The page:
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Re: ACTION-893: Start putting together a set of guidelines that could help address the security issues triggered by links rewriting.

From: Luca Passani <passani@eunet.no>
Date: Tue, 20 Jan 2009 14:21:57 +0100
Message-ID: <4975CFF5.9090109@eunet.no>
To: Mobile Web Best Practices Working Group WG <public-bpwg@w3.org>

Tom Hume wrote:
> Personally I'm in two minds about whitelists - on the one hand they 
> push some responsibility onto transcoder deployments, which is a good 
> thing IMHO - but on the other, how does a solution like this scale? 

it scales. Don't listen to Opera. I have been involved with similar 
projects in the past. The top 50 to 100 sites will cover over 50% of the 
traffic. Of course, whitelisting has extra cost for transcoders. But 
this is only fair.

> Should content providers be getting their services whitelisted with 
> every transcoder deployment? How would this be managed?
Let's not forget that content providers are the ones who chose to 
establish HTTPS to start with. They have the option of also allowing 
HTTP login, only allow HTTP login, allow HTTP login from everything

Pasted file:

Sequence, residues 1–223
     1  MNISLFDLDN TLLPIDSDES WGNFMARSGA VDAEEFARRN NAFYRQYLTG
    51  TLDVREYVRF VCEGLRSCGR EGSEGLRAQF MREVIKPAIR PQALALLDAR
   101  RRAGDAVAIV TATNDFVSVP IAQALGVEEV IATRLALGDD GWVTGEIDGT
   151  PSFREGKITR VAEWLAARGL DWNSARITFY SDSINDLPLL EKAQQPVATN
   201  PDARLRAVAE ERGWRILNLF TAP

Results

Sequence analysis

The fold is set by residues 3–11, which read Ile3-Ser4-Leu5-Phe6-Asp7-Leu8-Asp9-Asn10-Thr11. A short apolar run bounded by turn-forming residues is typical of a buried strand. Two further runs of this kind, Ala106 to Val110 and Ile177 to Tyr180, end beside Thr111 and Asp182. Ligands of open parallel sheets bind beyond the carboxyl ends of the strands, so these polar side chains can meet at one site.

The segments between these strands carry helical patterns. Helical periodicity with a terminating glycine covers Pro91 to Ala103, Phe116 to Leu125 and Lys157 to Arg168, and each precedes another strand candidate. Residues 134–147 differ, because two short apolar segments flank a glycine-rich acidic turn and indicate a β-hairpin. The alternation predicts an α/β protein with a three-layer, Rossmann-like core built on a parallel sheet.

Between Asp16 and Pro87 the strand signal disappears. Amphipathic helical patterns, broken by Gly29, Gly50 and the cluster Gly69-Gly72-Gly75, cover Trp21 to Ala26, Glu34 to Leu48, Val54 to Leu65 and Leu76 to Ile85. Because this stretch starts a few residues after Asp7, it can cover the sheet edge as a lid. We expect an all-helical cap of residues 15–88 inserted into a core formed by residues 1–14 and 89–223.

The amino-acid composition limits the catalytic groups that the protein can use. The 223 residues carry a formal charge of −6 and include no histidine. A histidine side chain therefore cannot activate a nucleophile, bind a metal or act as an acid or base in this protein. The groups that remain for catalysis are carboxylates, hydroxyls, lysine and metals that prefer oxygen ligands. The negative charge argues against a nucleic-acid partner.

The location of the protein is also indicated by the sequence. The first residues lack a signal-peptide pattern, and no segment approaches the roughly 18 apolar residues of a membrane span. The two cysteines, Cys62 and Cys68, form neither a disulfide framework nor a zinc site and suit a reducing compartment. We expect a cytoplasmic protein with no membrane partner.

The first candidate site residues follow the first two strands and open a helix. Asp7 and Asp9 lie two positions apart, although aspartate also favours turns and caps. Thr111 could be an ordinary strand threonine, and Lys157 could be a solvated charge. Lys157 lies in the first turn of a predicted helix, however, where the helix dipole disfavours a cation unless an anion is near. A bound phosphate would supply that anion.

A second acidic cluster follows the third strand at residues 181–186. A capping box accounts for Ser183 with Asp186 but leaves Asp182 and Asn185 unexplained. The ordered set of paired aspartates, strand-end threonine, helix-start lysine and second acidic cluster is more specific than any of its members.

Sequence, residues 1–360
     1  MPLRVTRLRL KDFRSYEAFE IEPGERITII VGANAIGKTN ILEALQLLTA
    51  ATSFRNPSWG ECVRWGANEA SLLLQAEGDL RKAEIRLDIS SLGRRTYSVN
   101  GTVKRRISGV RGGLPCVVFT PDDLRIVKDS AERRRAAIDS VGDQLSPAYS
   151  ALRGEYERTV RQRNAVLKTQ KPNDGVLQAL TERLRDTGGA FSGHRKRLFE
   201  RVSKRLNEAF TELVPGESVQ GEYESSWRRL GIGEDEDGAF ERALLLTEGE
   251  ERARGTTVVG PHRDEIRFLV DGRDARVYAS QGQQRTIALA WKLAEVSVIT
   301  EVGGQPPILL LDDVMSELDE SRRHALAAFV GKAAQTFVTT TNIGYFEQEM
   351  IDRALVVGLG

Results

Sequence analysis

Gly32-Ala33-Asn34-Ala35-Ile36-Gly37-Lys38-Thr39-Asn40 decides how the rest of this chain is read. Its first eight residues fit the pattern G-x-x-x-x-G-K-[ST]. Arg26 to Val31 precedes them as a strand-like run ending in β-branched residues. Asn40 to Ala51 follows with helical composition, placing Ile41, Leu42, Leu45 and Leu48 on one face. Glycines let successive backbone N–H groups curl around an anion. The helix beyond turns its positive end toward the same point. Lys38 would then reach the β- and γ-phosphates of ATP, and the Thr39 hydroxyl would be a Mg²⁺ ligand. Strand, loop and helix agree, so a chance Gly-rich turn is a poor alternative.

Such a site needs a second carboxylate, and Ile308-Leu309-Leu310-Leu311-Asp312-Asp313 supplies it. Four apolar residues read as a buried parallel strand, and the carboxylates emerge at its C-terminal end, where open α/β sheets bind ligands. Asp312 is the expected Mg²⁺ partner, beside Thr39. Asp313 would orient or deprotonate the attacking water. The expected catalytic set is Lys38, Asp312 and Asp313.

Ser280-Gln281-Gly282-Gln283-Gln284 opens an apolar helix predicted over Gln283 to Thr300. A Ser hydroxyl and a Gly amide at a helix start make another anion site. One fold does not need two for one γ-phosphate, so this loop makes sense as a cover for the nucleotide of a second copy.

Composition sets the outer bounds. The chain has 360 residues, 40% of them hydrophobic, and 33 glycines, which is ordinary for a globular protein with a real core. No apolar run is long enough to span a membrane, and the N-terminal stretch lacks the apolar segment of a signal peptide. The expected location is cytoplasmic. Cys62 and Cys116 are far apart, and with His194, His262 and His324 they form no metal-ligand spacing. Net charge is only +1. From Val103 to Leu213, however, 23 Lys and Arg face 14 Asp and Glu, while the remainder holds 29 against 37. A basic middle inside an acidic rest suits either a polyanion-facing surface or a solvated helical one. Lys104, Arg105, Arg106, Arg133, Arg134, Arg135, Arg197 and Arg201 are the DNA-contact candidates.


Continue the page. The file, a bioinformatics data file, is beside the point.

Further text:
identified as transcoder ("via" header, for example) or, as I was 
suggesting, by getting whitelisted.

All very simple and straighforward.

>> Let me ask you a question. I am a content provider. I don't want my 
>> content to be transcoded so I decide to use HTTPS. What am I doing 
>> wrong? why isn't this protecting me from transcoders?
> /me lights the blue touchpaper
> The way to stop transcoding is to use no-transform. It's imperfect in 
> that it stops *all* transformation, true, but it's The Way.

why would anyone who uses HTTPS would use no-transform when HTTPS is 
supposed to be point-to-point?

> Personally I would say that a CP using HTTPS has stated they wish to 
> have their service accessed securely, but not that they're opting out 
> of transcoding by doing this. 
possibly, but it does not mean that they are opting in to transcoding 

Received on Tuesday, 20 January 2009 13:22:37 UTC

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